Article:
• Lack of a major reservoir reduces the environmental footprint of run of river plants
  • Unlike fossil fuel plants they do not emit greenhouse gases. 
  • Cause less harm to biodiversity.
  • Can be built in difficult terrains like Himalayas and other hilly regions
  • Provide electricity to population located at distant geographies.

In recent years, run-of-the-river hydropower projects have emerged as a viable, low-impact alternative to existing large-scale projects, India has number of ROR hydroelectric power stations such as Baglihar Dam, Nathpa Jhakri and Shringar Hydropower Station, Ratle Hydroelectric Plant, Maheshwar Hydropower Plant and Kishanganga Hydroelectric Plant are under construction.

However, run off river hydropower plants are associated with following environmental hazards:

  • They often cause drops in water flow and changes in water temperature which in turn drive declines in fish populations. 
  • Access roads and transmission lines cause habitat fragmentation and destruction
  • Stretch of river in between diverted point and re-joining point suffers from water depletion and loss of vegetation.
  • Increase sedimentation in the river. 
  • Negatively impact the land and river ecosystem.


While there are good reasons to argue that the environmental impact of run of river plants is small compared to many alternatives, it is important to balance the negative impacts of such plants and ensure a sustainable source of energy for India with a population of 1.4 billion and one of the world’s fastest-growing major economy.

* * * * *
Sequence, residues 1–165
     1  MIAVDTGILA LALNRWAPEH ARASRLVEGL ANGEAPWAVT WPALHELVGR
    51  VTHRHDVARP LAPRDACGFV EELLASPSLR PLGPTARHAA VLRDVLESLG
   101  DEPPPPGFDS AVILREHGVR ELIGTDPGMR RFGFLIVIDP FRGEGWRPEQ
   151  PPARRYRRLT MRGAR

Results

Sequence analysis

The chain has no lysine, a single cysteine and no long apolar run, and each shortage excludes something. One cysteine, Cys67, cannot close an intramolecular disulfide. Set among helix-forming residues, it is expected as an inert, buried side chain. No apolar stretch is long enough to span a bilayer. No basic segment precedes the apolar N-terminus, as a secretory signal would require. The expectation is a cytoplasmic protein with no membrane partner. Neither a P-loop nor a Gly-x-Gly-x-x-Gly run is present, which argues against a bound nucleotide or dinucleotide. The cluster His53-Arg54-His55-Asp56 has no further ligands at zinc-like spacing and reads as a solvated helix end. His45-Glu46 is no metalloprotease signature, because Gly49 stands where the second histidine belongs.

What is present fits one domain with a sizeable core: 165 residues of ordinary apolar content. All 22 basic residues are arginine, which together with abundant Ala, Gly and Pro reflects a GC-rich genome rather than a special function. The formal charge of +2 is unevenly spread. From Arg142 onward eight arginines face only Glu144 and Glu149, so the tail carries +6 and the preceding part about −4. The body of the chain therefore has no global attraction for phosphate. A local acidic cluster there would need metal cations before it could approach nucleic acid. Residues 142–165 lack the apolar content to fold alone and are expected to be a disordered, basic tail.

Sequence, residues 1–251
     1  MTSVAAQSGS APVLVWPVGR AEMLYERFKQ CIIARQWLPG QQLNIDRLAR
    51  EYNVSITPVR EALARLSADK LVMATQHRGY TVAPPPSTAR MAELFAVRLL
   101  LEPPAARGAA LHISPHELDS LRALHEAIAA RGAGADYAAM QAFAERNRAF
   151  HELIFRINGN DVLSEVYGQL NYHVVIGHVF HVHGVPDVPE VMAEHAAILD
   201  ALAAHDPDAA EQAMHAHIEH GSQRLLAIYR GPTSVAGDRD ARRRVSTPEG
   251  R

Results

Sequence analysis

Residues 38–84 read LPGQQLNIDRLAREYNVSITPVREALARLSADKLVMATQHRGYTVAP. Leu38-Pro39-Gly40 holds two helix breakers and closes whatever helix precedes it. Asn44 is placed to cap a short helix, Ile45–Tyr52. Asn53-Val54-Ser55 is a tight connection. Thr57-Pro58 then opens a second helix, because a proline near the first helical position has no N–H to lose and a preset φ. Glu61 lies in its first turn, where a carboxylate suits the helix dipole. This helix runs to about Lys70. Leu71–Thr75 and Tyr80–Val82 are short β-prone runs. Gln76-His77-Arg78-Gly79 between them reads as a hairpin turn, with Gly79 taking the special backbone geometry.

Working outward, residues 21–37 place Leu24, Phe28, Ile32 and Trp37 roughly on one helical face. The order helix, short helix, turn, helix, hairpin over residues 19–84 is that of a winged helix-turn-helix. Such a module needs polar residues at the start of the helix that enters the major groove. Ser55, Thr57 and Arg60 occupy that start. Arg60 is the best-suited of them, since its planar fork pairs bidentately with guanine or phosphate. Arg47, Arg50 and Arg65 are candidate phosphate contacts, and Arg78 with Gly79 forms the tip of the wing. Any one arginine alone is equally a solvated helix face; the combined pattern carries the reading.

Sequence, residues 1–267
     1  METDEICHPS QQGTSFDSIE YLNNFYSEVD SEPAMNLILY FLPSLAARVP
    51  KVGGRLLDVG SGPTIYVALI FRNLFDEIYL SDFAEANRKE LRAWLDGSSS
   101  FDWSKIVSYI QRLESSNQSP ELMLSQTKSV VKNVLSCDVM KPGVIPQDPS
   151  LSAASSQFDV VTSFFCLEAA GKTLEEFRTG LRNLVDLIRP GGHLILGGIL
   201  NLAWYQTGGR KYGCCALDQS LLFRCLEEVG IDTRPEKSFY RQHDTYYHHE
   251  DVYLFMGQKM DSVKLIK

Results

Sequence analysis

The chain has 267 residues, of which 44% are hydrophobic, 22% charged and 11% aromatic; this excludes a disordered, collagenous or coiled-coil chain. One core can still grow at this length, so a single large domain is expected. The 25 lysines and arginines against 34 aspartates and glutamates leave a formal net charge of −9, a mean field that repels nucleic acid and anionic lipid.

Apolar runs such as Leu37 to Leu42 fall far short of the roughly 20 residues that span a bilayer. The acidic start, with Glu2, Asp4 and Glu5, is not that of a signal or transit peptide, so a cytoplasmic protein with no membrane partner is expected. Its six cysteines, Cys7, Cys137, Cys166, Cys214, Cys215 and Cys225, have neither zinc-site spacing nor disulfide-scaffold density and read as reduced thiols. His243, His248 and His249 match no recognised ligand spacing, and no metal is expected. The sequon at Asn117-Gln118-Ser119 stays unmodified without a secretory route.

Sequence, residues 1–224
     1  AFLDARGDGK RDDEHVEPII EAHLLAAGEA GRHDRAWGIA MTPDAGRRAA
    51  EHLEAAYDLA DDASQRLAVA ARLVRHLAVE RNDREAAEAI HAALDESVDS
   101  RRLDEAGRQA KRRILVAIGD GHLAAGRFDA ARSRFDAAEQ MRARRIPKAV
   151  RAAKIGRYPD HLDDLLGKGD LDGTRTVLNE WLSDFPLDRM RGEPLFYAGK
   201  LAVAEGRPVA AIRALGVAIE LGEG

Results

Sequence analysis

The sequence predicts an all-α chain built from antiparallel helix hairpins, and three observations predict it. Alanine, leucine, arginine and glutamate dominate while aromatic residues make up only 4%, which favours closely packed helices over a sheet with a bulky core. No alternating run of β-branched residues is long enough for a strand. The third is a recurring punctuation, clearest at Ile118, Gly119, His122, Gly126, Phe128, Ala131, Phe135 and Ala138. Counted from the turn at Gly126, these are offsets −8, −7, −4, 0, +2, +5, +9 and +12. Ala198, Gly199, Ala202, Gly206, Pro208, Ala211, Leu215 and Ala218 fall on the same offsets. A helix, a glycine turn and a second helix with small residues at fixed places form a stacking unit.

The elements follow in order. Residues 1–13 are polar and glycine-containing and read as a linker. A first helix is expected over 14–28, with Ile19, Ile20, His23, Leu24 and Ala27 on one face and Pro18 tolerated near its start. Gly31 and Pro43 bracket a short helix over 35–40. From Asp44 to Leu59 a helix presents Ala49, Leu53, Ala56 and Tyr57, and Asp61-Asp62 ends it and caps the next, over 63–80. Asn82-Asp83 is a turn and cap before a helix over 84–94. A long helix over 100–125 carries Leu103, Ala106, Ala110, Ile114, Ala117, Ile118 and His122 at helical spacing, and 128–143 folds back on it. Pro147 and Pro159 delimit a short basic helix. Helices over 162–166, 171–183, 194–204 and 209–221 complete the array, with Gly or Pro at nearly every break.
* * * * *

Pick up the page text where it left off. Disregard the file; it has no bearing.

5. What are the challenges related to procurement, storage and transportation of agricultural produce in India? Analyse.


Students are expected to write about agriculture sector in India and its weightage in India’s economy and analyse about the challenges related to agriculture in procurement, storage and transportation.


India’s agriculture sector plays a crucial role in Indian economy. Over 58 % of rural-households depend on agriculture as their primary means of livelihood. Along with fisheries and forestry agriculture is one of the largest contributors to  nations GDP. 


The 7500+ Agricultural Procurement and Marketing Committee (APMC) mandis provide a marketplace for the transaction and the Food Corporation of India (FCI) plays the role of the buyer, storing the procured produce in the relevant warehousing corporation’s warehouse.

Challenges related to procurement, storage and transportation:

  • Flawed Agricultural Marketing Policies: Due to restrictions imposed by Agricultural Produce Market Committee Acts passed by various states, Indian farmers today can only sell their produce at Farmgate or local market (haat) to village aggregators, APMC mandis and to government at the minimum support price (MSP).
  • Limited reach of mandis: Also, this procurement system has failed to cover the entire country evenly back of the envelope calculation suggests that on an average, a farmer needs to travel 12 kms to reach the nearest mandi and more than 50 kms in NE India while according to the recommendations by National Farmers Commission, availability of markets should be within a 5 km radius.
  • Procurement problems: Almost 2/3rd of the total cereal production is taken through the route of MSP, leaving only 1/3rd for open market. Hence, farmer can’t take benefit of  market prices and has to depend solely on the MSP. It prevents the farmer from earning of profits.